On November 5, 2020, FERC approved Southern California Edison Company’s (“SoCal Edison”) request to utilize a May 2020 formula rate sales forecast rather than its April 2020 sales forecast, as required by Appendix IX of SoCal Edison’s Transmission Owner Tariff (“Tariff”). The updated sales forecast, which informs SoCal Edison’s wholesale and retail transmission rate-recovery and true-up calculations, reflects a decrease in sales revenues due to the COVID-19 pandemic. In a dissenting opinion, then-Commissioner James Danly opposed the waiver, citing previous criticisms that such FERC action violates the filed rate doctrine and the rule against retroactive ratemaking (see October 28, 2020 edition of the WER).

FERC has issued various COVID-related tariff waiver orders since the start of the pandemic, consistent with prior remarks by former Chairman Neil Chatterjee that FERC would not be second-guessing “good-faith actions taken by regulated entities in the face of this emergency” (see April 2, 2020 edition of the WER). In its waiver request, SoCal Edison explained that due to significant macro-economic shocks caused by the COVID-19 pandemic, SoCal Edison believed it would be prudent to run an updated forecast.  By doing so, SoCal Edison could account for, among other things, Moody’s Analytics’ April 2020 Base Case Forecast, which includes COVID-19 economic impacts.

FERC noted the waiver request was unopposed and found that the typical elements for granting a waiver request were present. First, FERC determined that SoCal Edison acted in good faith because the company ran the requisite forecast in April and only requested to use the updated forecast to better reflect anticipated sales in light of the COVID-19 pandemic. Second, FERC concluded the request was limited in scope because it was a one-time waiver that would not alter SoCal Edison’s formula rate or true-up mechanism. Third, FERC reasoned that the waiver addressed a concrete problem because the original forecast did not reflect the exceptional impacts from the pandemic. Finally, FERC determined that the waiver would not have undesirable consequences, because it would provide more accurate transmission rates, and thus reduce rate impacts to customers when SoCal Edison’s true-up is filed.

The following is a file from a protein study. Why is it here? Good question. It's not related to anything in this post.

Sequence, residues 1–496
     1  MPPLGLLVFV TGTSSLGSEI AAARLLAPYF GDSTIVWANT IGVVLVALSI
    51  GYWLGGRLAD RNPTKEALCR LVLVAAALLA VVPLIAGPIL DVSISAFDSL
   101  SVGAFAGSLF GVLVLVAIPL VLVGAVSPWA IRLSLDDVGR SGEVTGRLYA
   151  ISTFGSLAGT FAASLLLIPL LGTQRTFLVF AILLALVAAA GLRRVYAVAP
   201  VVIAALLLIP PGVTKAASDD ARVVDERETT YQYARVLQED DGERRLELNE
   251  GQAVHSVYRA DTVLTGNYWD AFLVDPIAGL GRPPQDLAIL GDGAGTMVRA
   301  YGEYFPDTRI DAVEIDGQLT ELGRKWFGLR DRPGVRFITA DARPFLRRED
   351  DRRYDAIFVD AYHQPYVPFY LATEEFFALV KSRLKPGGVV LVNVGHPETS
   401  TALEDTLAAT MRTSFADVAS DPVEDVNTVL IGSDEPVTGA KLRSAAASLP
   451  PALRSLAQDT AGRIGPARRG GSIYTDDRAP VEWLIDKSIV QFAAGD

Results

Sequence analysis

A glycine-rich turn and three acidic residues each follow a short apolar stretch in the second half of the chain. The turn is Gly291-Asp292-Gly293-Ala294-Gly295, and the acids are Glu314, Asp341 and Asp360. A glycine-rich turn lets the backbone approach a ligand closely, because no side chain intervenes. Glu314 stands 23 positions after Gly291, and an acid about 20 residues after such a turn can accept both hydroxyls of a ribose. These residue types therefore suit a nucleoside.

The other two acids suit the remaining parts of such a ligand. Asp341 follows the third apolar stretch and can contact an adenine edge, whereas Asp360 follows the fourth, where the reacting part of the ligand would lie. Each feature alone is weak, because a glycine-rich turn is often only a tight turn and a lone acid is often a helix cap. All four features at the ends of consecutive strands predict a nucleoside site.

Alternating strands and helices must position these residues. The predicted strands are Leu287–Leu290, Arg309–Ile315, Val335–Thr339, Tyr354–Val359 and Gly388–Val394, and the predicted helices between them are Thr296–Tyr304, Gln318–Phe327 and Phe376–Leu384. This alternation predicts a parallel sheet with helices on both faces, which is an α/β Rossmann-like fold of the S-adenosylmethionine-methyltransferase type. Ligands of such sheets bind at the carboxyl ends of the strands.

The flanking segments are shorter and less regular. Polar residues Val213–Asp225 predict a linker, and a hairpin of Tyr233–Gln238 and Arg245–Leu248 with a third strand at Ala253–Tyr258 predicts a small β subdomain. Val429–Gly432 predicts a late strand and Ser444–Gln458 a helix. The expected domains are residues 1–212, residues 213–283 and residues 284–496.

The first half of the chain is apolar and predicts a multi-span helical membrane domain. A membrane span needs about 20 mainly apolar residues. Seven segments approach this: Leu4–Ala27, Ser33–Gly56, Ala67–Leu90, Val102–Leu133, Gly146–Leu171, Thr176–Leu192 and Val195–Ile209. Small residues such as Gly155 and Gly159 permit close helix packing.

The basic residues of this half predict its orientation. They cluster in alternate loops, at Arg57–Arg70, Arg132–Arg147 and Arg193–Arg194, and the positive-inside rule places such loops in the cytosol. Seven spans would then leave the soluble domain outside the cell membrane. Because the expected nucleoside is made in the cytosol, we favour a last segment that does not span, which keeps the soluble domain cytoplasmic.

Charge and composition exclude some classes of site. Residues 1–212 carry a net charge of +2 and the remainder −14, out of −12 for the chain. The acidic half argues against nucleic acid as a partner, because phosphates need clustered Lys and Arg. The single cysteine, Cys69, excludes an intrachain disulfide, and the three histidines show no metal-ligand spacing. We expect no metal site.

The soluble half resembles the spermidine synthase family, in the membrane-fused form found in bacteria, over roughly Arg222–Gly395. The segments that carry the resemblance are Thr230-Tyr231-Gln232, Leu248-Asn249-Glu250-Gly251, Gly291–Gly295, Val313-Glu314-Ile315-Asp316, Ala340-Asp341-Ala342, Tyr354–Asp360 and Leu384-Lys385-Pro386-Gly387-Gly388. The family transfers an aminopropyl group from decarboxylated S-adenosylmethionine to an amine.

Then-Commissioner Danly wrote separately in dissent, explaining his view that the waiver order exceeded FERC’s legal authority. In now-Chairman Danly’s view, the waiver violates both the filed rate doctrine and rule against retroactive ratemaking because it permits SoCal Edison to use a forecast that was completed after the date required by SoCal Edison’s formula rate. While he noted that he was sympathetic to the underlying request, then-Commissioner Danly explained that SoCal Edison could have requested approval to include proactive provisions to mitigate any harsh results instead of seeking “after-the-fact” flexibility.

A copy of the order is available here.